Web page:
LSD is the latest trend in Lebanon's drug scene

By Expat98 · May 11, 2008 · ·
  1. Expat98
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    LSD is the latest trend in Lebanon's drug scene

    Published: Friday, 9 May, 2008 @ 7:07 AM in Beirut (GMT+2)

    By Hala Alyan

    "It's like being part of a huge spiritual experience. When it hits you and you look around the room and realize that everyone is sharing it with you...that's what it means to me."

    With these words, a waifish university student summed up what it means to be in on one of Beirut's best-kept drug culture secrets: acid. While LSD has made appearances in Lebanon in the past, the city of all-night raves is better known in drug terms for substances like hashish, cocaine and ecstasy than it is for Lysergic acid diethylamide, the psychedelic drug that is as much a symbol of the free love, flower power, hippie days as the VW bug.

    Indeed, acid wasn't really on anyone's radar in Beirut until quite recently. People in the scene say that it was sometime around the early Fall of 2007 that it began to be more accessible, after a select group of Beirut dealers began offering LSD on a regular basis. Although it happens to be a relatively easy drug to produce, people seem to suspect that acid is not being manufactured within Lebanon, but rather, that it is being smuggled in from various cities in Europe. "The tickets are really, really thin," said an English literature student who has lately begun dropping acid with a group of close friends. "They're so portable that you could probably put them in books or between clothes without any problem."

    "Tickets" are the most widely available form of acid in Beirut, made when a sheet of thin blotter paper is soaked in a solution of acid and then cut into 25 tabs. Each ticket is multicolored and has a logo stamped on every tab. As such, each tab has its own unique streaks of colors, depending on which part of the ticket it is taken from, and is referred to by its logo, i.e., as the "bicycle," or the "Hofmann" or the "Rolling Stone."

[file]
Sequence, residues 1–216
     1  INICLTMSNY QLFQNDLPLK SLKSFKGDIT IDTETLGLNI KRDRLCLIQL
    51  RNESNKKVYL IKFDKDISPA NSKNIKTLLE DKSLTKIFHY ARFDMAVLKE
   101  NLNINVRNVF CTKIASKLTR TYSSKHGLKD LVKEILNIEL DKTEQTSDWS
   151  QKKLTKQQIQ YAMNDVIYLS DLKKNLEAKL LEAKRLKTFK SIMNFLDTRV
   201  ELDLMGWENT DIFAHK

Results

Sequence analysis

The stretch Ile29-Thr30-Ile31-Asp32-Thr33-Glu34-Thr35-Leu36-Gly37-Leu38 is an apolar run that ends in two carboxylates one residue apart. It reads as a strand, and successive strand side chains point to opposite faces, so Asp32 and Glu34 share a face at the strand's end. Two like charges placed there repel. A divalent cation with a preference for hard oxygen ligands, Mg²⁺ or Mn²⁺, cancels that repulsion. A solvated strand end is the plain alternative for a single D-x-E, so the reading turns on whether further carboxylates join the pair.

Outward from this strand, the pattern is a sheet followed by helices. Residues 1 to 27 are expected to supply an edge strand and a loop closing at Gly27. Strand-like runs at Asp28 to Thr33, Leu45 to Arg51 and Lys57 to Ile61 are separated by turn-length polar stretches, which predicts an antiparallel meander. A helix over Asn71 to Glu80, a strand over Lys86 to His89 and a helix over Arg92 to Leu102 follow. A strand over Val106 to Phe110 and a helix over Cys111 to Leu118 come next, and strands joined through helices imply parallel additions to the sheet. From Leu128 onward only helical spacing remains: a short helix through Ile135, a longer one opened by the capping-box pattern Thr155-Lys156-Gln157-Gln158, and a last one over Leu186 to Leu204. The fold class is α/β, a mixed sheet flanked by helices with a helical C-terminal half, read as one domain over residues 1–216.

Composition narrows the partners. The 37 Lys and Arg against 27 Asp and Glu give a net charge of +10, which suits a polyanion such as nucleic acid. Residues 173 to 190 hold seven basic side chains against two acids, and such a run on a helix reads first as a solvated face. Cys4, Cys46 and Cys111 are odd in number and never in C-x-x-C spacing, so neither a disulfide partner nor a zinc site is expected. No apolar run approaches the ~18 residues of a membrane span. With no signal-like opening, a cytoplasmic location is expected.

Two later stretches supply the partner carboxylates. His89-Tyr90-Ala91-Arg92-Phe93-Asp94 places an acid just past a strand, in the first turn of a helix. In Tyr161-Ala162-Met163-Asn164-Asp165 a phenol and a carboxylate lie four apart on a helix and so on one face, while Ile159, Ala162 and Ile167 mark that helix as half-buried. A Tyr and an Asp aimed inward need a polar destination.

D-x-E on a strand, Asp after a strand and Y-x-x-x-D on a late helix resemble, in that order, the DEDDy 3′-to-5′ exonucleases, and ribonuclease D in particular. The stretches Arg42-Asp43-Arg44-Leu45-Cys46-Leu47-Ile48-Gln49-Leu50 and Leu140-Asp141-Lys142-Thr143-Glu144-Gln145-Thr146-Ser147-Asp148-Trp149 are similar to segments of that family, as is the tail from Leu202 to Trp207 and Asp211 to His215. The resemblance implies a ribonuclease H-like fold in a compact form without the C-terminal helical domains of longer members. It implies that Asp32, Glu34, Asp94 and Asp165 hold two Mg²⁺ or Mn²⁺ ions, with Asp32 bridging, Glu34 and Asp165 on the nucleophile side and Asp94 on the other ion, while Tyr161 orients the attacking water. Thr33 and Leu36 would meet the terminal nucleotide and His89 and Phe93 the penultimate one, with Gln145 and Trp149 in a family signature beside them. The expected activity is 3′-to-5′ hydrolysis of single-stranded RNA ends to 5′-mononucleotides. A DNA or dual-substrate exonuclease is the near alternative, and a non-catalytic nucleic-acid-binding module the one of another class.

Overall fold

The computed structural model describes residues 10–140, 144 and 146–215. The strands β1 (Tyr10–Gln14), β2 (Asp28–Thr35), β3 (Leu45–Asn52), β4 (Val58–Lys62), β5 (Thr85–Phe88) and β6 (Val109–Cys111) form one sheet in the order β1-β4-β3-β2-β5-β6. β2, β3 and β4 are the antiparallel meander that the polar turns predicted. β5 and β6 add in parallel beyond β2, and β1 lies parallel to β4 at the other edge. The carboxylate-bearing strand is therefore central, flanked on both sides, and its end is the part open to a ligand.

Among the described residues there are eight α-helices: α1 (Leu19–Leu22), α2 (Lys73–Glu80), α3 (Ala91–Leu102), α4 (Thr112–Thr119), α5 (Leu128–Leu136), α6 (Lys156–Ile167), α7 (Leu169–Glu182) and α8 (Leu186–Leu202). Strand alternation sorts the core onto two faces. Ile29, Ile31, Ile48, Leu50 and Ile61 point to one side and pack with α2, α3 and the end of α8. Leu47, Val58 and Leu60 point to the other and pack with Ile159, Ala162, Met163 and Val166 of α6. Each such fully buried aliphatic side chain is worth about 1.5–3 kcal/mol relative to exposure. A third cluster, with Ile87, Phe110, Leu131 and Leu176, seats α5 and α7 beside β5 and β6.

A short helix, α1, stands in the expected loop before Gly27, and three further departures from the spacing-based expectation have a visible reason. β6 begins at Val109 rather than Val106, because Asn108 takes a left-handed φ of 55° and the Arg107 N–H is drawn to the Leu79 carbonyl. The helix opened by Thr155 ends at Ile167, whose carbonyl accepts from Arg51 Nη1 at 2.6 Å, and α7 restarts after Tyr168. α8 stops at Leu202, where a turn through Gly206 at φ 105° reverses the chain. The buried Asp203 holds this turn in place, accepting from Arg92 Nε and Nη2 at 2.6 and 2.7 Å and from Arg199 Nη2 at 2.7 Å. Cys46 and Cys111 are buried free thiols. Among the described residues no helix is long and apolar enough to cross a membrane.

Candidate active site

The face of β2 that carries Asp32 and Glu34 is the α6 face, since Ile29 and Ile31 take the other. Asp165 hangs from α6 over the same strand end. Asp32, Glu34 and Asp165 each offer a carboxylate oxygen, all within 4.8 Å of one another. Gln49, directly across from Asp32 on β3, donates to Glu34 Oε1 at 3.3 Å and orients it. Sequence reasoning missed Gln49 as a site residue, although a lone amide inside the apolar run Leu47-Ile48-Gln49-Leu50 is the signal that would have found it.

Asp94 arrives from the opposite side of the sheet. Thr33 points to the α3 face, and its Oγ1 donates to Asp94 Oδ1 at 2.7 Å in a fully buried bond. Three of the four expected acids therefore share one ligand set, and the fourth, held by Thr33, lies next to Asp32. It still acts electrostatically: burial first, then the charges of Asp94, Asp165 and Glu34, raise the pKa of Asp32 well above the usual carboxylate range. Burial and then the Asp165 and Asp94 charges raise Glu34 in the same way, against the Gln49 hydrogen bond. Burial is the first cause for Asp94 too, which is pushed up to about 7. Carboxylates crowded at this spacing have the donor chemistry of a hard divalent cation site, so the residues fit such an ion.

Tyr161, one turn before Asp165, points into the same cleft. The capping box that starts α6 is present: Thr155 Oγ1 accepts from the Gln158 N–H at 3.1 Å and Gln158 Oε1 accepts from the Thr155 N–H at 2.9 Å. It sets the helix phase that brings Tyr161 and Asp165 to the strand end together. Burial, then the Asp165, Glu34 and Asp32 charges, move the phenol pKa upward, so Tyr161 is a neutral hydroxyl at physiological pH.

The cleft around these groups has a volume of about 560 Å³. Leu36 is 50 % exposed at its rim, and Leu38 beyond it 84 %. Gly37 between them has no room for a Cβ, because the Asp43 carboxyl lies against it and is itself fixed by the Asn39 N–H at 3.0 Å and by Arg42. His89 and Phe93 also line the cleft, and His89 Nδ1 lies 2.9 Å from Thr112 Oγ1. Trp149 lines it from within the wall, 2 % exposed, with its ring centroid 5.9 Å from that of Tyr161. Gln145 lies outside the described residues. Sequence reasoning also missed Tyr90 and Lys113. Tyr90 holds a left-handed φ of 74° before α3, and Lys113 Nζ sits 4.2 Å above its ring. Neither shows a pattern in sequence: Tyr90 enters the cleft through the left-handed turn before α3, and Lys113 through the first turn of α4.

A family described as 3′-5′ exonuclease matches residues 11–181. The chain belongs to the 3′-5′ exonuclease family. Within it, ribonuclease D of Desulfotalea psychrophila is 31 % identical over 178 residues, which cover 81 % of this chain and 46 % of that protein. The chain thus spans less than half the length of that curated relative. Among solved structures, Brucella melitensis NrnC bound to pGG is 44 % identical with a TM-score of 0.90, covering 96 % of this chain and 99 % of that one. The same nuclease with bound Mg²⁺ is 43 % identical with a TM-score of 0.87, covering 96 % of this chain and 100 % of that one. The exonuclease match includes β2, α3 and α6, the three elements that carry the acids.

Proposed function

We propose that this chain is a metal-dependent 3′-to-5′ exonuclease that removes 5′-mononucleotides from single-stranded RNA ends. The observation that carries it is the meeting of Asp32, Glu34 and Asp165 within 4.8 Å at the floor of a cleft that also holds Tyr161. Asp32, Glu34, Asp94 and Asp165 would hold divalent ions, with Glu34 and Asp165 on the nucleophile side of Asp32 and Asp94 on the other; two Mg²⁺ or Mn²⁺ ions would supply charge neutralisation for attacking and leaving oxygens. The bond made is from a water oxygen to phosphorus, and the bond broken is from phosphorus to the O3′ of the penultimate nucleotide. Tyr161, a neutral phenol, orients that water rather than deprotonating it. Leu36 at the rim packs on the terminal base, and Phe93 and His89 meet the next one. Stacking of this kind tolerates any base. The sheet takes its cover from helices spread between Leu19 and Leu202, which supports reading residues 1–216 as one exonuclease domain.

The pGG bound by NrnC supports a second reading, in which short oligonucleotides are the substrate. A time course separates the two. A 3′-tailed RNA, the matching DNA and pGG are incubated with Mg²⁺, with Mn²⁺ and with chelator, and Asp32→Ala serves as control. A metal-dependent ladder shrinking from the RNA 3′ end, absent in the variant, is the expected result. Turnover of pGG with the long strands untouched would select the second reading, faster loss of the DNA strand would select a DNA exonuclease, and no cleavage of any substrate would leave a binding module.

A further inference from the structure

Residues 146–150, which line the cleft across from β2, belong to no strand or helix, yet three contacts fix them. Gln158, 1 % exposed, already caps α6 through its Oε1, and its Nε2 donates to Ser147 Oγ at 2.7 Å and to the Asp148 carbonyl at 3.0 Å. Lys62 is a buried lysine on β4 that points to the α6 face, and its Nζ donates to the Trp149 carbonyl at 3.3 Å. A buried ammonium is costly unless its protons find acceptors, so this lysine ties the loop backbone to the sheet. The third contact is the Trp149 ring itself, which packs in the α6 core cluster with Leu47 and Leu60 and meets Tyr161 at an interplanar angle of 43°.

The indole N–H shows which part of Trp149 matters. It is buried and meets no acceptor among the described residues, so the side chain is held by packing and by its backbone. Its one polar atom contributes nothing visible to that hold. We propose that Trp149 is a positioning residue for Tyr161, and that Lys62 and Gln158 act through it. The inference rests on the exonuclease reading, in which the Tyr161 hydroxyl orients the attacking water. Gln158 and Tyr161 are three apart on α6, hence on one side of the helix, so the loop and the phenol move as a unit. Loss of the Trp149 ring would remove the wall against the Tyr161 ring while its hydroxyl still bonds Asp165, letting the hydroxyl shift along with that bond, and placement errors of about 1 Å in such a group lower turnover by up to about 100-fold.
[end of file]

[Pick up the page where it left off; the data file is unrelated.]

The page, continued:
As for cost, users say that acid is like any other recreational drug in Beirut; the price "depends on who you know." If you happen to be friendly with a "top" dealer, i.e. someone who receives one of the initial batches, a tab can cost a mere $6. The farther down the drug-dealing hierarchy your dealer is, however, the more the prices spike, reaching up to $30 per tab.

    Even if the smuggling process is relatively easy, LSD has not so much flooded the mainstream drug market in Beirut as quietly become accessible to choice participants, mostly university students between the ages of 17 and 22.

    For dealers, keeping the circle of acid-droppers small is a practical matter. The fear is that, since LSD is a relatively lesser-known drug in Lebanon, people might start taking it without understanding its effects, and a string of bad trips could attract the attention of authorities, or worse, get someone badly hurt. The psychological effects of LSD vary from person to person, and a single dose can sometimes have long-term negative effects.

    But for the people interviewed, the focus was only on connection they felt to the people with whom they communally drop acid several times a month. "I hate the idea that there are people who are taking acid and not appreciating it," said the literature student. "I don't want it to become popular so that people will take it just to get [messed up], because that's not what acid is about...It's about sharing a trip with other people and feeling it with them."

    Another young woman with heavily-lined eyes echoed similar thoughts. Rolling a cigarette as she spoke, the girl said that when she takes acid with her group, it feels like they are "in the Sixties, like we're starting our own revolution." She's happy to keep Beirut's new wealth of LSD under the radar. "All the people who want to take tabs and go clubbing just don't understand it."

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  1. daydreamr